Belmont Stakes

There may not be a triple crown at stake in this year’s Belmont but that doesn’t mean there’s not an opportunity to pick up a few books at the race window.  Kentucky Derby Jay provides his third and final installment of comprehensive race analysis for the third jewel. Governor Malibu — Improving Christophe Clement-trained colt seems to be a very trendy pick.  Rallied nicely to close for 2nd in the Peter Pan, generally considered a key prep for the Belmont.  Likely to be overbet, and I’m not crazy about his ability to get the lengthy 1.5 mile trip.  Will let this one beat me. Destin —  Wasn’t a huge fan of his chances in the Derby, but seems to be in a better spot here.  Ran a decent Derby, making a nice middle move to get to 4th, before encountering a little traffic and dropping back to 6th.  That same move today will put him in the mix.  Key is how much Pletcher got this guy to improve in the five-week layoff.  Contender, but probably just for bottom part of exotics. Cherry Wine — Could probably just copy my Preakness notes for this guy.  He passed a bunch of exhausted horses at Pimlico to rally for 2nd, and will now likely catch a lot of action today off that effort.  Myth among many bettors is that closers fare very well at Belmont, but that isn’t really the case for deep closers like Cherry Wine.  Can certainly be on the trifecta ticket with similar performance as Preakness, but doubt that gets him in the winner circle. Suddenbreakingnews — Might as well just say “See Cherry Wine.”  Made a late move to rally for 4th at Churchill Downs, and is another that is coming off a...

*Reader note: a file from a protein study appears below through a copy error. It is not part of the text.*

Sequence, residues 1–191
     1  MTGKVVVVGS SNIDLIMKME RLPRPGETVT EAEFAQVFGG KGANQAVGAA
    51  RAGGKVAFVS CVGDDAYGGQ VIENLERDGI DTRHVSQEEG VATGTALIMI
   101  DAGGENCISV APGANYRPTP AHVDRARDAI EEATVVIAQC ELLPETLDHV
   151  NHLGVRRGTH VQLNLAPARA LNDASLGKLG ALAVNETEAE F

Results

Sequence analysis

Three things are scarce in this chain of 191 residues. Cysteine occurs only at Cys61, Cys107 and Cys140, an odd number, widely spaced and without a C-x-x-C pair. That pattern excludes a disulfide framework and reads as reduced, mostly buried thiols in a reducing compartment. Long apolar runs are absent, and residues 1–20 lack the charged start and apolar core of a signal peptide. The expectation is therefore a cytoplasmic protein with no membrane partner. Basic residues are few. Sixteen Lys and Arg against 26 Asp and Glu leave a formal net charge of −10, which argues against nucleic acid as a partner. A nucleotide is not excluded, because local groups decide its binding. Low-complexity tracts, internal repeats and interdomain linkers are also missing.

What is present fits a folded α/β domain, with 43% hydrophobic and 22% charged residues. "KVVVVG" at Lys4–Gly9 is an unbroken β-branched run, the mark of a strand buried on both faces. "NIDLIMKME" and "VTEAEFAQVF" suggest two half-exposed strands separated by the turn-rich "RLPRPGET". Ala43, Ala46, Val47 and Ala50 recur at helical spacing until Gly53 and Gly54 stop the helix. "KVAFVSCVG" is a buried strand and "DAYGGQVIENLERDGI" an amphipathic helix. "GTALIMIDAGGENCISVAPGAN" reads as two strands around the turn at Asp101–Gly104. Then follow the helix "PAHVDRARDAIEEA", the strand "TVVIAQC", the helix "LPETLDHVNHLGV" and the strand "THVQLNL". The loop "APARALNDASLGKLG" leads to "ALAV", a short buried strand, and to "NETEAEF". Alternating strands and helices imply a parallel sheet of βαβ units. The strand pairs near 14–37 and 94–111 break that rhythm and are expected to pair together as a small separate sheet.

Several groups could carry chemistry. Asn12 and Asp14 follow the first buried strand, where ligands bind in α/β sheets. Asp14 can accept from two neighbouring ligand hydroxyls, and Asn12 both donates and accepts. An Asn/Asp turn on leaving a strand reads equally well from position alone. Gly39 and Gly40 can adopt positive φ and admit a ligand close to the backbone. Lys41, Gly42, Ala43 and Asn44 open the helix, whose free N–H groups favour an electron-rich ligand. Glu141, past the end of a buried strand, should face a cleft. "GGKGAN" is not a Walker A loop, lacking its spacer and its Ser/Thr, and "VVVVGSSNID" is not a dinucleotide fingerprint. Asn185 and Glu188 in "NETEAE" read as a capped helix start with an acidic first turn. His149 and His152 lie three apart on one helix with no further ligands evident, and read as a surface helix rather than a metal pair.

Preakness

He made magic for us in the Derby like he’s done so many years before we’re getting spoiled around here.  KyDerbyJay returns for the second jewel of the Triple Crown with comprehensive analysis of the 11 horse field at Pimlico. 1 — Cherry Wine – Was an also-entry for the Derby, but failed to draw into the race.  Solid jockey/trainer combo of Lanerie/Romans alone merits a look.  Third last out in the Bluegrass Stakes to Derby also-ran Brody’s Cause.  Would need to take a major step forward to have a shot here, but in a race where looking for contenders for the bottom part of exotics is no easy task, he could offer significant value with a ground-saving rail trip. 2 — Uncle Lino – Half-brother to Nyquist, and that’s likely where the comparisons stop.  Looked good winning last out at Los Alamitos, but not sure that he faced too much.  Should be the early leader, but seems unlikely he will have it easy, and figures to succumb to Nyquist by the top of the stretch, beginning a descent to the back of the pack. 3 — Nyquist –  Prohibitive favorite who will run away with it if he runs anything close to his typical race.  Pace scenario seems advantageous and he’s just more talented and faster than the majority of these here.  The #3 post is totally ideal, and could offer the only scenario that sees him falter if he gets squeezed back at the start, and finds himself a lot farther off the lead than he is used to.  That possibility aside, he figures to be racing at Belmont in three weeks with a Triple Crown on the line. 4 — Awesome Speed – Winner via DQ of the Federico Tesio last...

Kentucky Derby